The terrible dangers faced by prostitutes, even the more upscale types, were made all too clear to 19th century America after a woman was killed in a brothel by a regular client.
The woman’s name was Helen Jewett. Her murder, along with the following trial and her murderer’s exoneration, drew groundbreaking public attention. It was the first time a sex crime of this sort was covered extensively in the American press.
Born to a working-class family in Temple, Maine, Jewett’s real name was Dorcas Doyen. Although she was known as “Helen Jewett,” Doyen frequently changed names, a common practice at the time. Jewett’s father was an alcoholic, and her mother died when she was young. Employed at the age of only 12 or 13 in the home of Chief Justice Nathan Weston of the Maine Supreme Judicial Court, Jewett spent four years working as a servant girl. As she grew older, she transformed into an assertive young woman, aware of her beauty, and she left her job by the age of 18.
After moving to Portland, Maine, Jewett started working as a prostitute. She eventually moved to Boston, and finally to New York City where she operated under various names, but became well-known by her last one–“Helen Jewett.” The brothel where she worked was an upscale one, known to cater to lawyers, merchants, and politicians.
Jewett was murdered in that brothel on April 10, 1836. Her body was found by the matron of the establishment, Rosina Townsend. She reportedly found Jewett at 3 a.m., leading to the assumption that she was murdered sometime after midnight. Her head had been struck three times with a sharp object, believed to be a hatchet. Although there were no signs of struggle, it’s assumed that Jewett didn’t expect the lethal blows, due to the position of her corpse on the bed. As if the murder itself wasn’t enough, her murderer set fire to Jewett’s bed.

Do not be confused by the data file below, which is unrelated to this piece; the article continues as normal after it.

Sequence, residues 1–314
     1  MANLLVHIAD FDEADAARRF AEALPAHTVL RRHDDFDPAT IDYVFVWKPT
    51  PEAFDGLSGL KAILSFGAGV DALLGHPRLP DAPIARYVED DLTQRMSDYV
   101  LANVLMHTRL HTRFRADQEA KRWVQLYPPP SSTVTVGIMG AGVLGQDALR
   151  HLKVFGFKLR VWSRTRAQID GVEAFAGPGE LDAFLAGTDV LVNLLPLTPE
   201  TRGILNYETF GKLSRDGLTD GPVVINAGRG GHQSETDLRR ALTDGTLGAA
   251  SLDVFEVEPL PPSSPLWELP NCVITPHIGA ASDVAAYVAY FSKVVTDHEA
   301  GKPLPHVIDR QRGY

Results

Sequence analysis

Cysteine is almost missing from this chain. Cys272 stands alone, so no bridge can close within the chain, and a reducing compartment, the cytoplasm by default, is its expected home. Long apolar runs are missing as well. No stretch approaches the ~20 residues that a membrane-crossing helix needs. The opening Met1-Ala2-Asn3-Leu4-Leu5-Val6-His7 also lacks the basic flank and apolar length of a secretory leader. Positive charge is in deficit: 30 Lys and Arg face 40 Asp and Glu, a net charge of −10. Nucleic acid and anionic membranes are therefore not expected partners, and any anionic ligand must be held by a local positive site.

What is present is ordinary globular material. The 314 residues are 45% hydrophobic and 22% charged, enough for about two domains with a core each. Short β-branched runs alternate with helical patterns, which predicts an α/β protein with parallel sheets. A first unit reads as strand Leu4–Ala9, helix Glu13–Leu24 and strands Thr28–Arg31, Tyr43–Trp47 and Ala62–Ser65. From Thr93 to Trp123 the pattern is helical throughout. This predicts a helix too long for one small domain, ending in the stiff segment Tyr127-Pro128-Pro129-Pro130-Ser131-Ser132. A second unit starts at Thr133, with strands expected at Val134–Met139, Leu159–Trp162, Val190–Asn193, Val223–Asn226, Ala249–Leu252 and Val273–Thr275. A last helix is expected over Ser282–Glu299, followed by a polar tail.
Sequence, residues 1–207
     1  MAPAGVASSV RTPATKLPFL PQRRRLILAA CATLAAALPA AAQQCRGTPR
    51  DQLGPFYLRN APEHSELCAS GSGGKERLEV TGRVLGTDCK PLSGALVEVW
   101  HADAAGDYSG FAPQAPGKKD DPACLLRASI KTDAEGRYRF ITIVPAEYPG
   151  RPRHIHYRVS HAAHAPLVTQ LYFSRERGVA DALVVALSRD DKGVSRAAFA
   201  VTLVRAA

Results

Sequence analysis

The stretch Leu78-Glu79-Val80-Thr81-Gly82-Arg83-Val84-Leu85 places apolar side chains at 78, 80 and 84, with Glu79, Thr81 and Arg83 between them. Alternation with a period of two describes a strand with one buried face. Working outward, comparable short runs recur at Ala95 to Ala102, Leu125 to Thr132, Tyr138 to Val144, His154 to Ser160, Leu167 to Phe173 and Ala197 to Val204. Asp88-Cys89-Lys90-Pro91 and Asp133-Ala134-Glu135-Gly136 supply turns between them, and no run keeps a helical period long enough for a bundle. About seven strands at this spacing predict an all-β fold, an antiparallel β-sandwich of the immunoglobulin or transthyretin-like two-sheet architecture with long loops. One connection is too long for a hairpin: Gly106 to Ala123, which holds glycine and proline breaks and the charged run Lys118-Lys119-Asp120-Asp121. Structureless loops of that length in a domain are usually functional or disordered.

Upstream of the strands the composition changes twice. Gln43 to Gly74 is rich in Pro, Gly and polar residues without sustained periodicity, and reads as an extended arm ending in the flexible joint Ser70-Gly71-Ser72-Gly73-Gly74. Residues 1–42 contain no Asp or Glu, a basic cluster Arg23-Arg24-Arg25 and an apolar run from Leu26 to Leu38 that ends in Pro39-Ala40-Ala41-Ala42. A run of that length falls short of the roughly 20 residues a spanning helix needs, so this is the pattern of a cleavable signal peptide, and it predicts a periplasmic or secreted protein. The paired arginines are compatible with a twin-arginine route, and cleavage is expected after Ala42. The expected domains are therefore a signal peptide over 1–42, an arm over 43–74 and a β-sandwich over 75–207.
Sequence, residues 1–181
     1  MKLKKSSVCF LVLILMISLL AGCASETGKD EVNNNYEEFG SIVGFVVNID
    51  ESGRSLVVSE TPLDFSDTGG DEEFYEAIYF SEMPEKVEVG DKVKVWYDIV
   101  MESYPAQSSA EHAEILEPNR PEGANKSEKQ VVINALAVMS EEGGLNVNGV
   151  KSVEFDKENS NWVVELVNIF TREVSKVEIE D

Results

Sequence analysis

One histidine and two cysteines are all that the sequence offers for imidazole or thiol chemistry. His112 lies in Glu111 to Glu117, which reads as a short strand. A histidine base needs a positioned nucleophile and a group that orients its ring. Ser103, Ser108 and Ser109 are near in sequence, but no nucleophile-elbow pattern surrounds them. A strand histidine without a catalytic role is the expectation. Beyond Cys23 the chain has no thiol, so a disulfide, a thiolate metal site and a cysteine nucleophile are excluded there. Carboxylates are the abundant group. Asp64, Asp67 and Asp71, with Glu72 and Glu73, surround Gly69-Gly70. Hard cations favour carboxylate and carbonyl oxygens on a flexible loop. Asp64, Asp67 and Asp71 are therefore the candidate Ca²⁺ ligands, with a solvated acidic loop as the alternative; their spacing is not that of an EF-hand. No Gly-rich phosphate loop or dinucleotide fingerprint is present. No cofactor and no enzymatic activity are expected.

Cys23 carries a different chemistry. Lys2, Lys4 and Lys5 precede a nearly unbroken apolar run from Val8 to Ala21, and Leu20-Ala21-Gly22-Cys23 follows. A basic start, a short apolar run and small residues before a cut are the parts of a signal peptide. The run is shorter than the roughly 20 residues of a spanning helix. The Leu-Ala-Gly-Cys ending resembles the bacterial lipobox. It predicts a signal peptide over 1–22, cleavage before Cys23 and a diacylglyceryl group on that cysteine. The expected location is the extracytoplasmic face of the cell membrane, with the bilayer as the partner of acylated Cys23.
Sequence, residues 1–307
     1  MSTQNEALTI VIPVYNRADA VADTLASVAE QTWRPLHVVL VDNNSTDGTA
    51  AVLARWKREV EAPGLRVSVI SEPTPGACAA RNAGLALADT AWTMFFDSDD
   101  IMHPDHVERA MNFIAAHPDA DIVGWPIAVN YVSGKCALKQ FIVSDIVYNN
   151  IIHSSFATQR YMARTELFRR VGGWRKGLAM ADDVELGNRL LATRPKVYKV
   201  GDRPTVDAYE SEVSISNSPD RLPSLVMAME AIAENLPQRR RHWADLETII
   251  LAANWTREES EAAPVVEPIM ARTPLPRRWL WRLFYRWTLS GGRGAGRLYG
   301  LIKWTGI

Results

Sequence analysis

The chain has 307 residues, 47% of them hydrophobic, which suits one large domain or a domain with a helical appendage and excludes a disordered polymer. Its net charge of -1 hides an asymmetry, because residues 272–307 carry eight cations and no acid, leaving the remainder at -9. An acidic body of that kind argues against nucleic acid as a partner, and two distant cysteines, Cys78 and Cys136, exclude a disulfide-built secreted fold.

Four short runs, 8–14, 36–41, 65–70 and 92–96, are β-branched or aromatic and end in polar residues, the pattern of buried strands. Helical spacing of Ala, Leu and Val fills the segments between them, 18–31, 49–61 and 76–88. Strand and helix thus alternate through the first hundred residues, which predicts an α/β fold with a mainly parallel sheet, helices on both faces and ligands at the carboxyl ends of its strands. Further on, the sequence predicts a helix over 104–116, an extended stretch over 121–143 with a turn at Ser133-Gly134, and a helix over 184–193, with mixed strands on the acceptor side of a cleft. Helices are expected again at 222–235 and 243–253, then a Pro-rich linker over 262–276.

After interviewing another woman who lived at the brothel, the police arrested Richard P. Robinson, 19. Allegedly, Robinson, an employee at a dry goods store, was a frequent client of Jewett and they had exchanged letters. He denied killing her without any display of emotion.
On June 2, 1836, Robinson was arrested on the judge’s instructions. At his trial, Robinson was represented by a former district attorney. Because most of the witnesses were prostitutes and not seen as believable, Robinson was found not guilty in less than an hour into his trial. His exoneration excited the media and the public. Some expressed compassion for Jewett, condemning Robinson as a cold-blooded killer, while others supported Robinson, condemning Jewett as someone who deserved her fate.
Full coverage of the sensational murder was provided by the New York Herald, edited by James Gordon Bennett, Sr., the founder of the newspaper. Jewett was sometimes called “the girl in green,” as that was her favorite color. Many readers stopped by the newspaper’s offices, publicly expressing their opinion on the murder. According to them, Robinson was well off enough to buy his freedom, and this theory was widely accepted over the years.
After the trial, Robinson’s personal letters were released to the public, revealing his cruel and deviant sexual behavior. The letters turned the public against Robinson, convincing them that he was the murderer, forcing him to move out of town.
He eventually moved to Texas, where he seems to have become a respected citizen.As for Helen Jewett’s murder, the case was never reopened.